Walking vs. Jogging: Is this a real question?
We’re constantly yakking about how HIIT sessions can improve your health in a short, badass package. While I do love HIIT sessions, they aren’t for everyone, especially exercise newbies or people with preexisting conditions. Many people should start their training program with an alternative method. A method that doesn’t leave you “I’m never exercising again” sore… yeah, who would continue that?
Can walking be better than jogging?
Another good way to improve your exercise capacity, that I have mentioned before, is walking! Plain and simple: walking can improve your health tremendously.
Yeah right dude, you’ve gone loco! How effective can walking possibly be?
Great question inquisitive reader! Something this simple might take a while to explain.
Why is walking good for you? It can improve your cardiovascular health and improve your exercise capacity and is ideal for sedentary individuals or beginners.
Research indicates that the average middle-aged individual should be able to walk 1 mile at a pace of 4 mph without rest, but many people can’t even achieve this feat due to our sedentary lifestyle (Morris & Hardman 1997)!
It is a great way for beginners or obese individuals to get back into shape by offering a convenient way to expend energy at a lower heart rate and even in a shorter amount of time compared to training methods like cycling (Lafortuna et al 2008).
What about jogging?
Most People Choose Jogging Over Walking
Most people think that jogging (which is technically moving at less than 5 mph while running is greater than 5 mph) is better than walking because it probably burns more calories (more on that later).
Like walking, jogging is also a great way to improve your cardiovascular health and burn calories.
When it comes to jogging on a treadmill or jogging outside you probably know it’s easier to jog a mile on a treadmill due to the lack of wind resistance and terrain factors.
For those of you that jog remember this: science has found that a treadmill incline of 1% best mimics running outside on flat ground (1-3% incline mimics your natural forward leaning running posture)!
Likewise, to combat outside wind resistance a treadmill incline of 2-10% can sufficiently mimic these conditions. So which is better, jogging or walking?
Jogging vs Walking
On a flat surface, jogging requires more energy than walking. What about walking on an inclined treadmill? Of course, doing this on an incline burns more calories than on a flat surface due to the resistance of the incline (faster heart rate increase and greater oxygen consumption).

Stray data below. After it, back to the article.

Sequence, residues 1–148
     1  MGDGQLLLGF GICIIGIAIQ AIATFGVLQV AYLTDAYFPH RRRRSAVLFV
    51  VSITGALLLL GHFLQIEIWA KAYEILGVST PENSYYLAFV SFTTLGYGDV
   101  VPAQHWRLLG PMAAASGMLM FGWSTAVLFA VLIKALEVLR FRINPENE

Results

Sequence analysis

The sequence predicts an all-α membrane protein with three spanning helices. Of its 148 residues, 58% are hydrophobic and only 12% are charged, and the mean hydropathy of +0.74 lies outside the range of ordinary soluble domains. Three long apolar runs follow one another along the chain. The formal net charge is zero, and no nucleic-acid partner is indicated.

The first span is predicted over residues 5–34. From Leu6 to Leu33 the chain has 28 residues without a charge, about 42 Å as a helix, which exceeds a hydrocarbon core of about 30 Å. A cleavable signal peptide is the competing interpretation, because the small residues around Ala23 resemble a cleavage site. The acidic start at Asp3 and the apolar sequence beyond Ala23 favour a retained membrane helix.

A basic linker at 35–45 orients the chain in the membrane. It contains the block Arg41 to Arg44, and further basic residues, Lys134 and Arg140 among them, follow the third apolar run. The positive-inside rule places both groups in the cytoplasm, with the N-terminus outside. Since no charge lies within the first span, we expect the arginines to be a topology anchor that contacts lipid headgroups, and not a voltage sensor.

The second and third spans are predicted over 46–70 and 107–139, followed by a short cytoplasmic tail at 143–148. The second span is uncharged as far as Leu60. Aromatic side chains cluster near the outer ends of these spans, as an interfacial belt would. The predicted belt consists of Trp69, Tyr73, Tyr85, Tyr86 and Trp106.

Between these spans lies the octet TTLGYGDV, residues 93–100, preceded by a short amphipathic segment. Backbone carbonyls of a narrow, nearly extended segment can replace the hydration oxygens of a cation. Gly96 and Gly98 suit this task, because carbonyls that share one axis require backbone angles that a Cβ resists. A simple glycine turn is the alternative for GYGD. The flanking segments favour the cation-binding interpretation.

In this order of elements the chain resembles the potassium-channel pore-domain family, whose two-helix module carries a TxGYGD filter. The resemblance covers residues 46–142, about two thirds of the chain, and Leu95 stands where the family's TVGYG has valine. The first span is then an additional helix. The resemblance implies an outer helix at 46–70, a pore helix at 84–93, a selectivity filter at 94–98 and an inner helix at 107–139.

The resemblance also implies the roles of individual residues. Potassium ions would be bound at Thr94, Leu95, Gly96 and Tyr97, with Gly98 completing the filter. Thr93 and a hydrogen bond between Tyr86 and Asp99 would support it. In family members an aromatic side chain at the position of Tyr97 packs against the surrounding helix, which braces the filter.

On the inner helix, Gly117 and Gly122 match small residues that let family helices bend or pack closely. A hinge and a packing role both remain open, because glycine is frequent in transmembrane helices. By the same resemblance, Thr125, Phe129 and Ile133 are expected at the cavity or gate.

Get this: walking at an incline of 15% actually burns 67% more calories than walking on a flat surface.
It also blasts your quads and glutes and helps build your endurance (here is an idea of how many calories you can burn with increasing incline)!
This is where it gets interesting; science has actually shown that walking 1 mile on a treadmill at full incline will burn more calories than jogging 1 mile on a flat surface!
According to a Discovery Health Newsletter a 150 lb person walking only 2 mph on a treadmills full incline (15%) will burn 224 calories per mile for a total of 448 calories per hour. This same person while jogging (5 mph) on a flat treadmill will only burn 117 calories per mile for a total of 585 calories per hour.
So the total calories are more for jogging but the incline walker is working at a higher intensity during those miles burning more calories per mile!
For instance, if you jogged or walked 3 miles at the above conditions you would burn 672 calories incline walking and only 351 calories jogging.
What makes more sense in terms of calories burned for your mile?
While walking does require more time, it allows you to burn a large number of calories per mile you walk; it is another alternative training method you can add!
Plus there aren’t many beginners can jog for an hour straight!
For those beginners who don’t have the exercise capacity to jog for an extended period of time, a simple walk may be the key to increasing your calories burned per mile.
You can also burn more total calories if you are able to sustain walking at an incline for an extended period of time. This is especially true for obese individuals who can’t run for an extended period of time or are worried about injury.
While it can take more of your valuable time, it is an effective tool that can be utilized to improve your exercise capacity and burn a ton of calories in the process! As a rule of thumb, don’t get stuck on one specific training style its best to mix up between running, jogging, walking and HIIT sessions.
The benefits of walking are crazy, you don’t need to sprint for 5 miles to burn calories.
Pop in the head phones, crank the treadmill to max incline, and get to walking!
More Walking Info:
Jones AM, Doust JH (1996) A 1% treadmill grade most accurately reflects the energetic cost of outdoor running. J Sports Sci 14: 321-327.
Lafortuna CL, Agosti F, Galli R, Busti C, Lazzer S, Sartorio A (2008) The energetic and cardiovascular response to treadmill waling and cycle ergometer exercise in obese women. European J App Physiol 103: 707-717.
Morris JN, Hardman AE (1997) Walking to health. Sports Medicine 23: 306-332.
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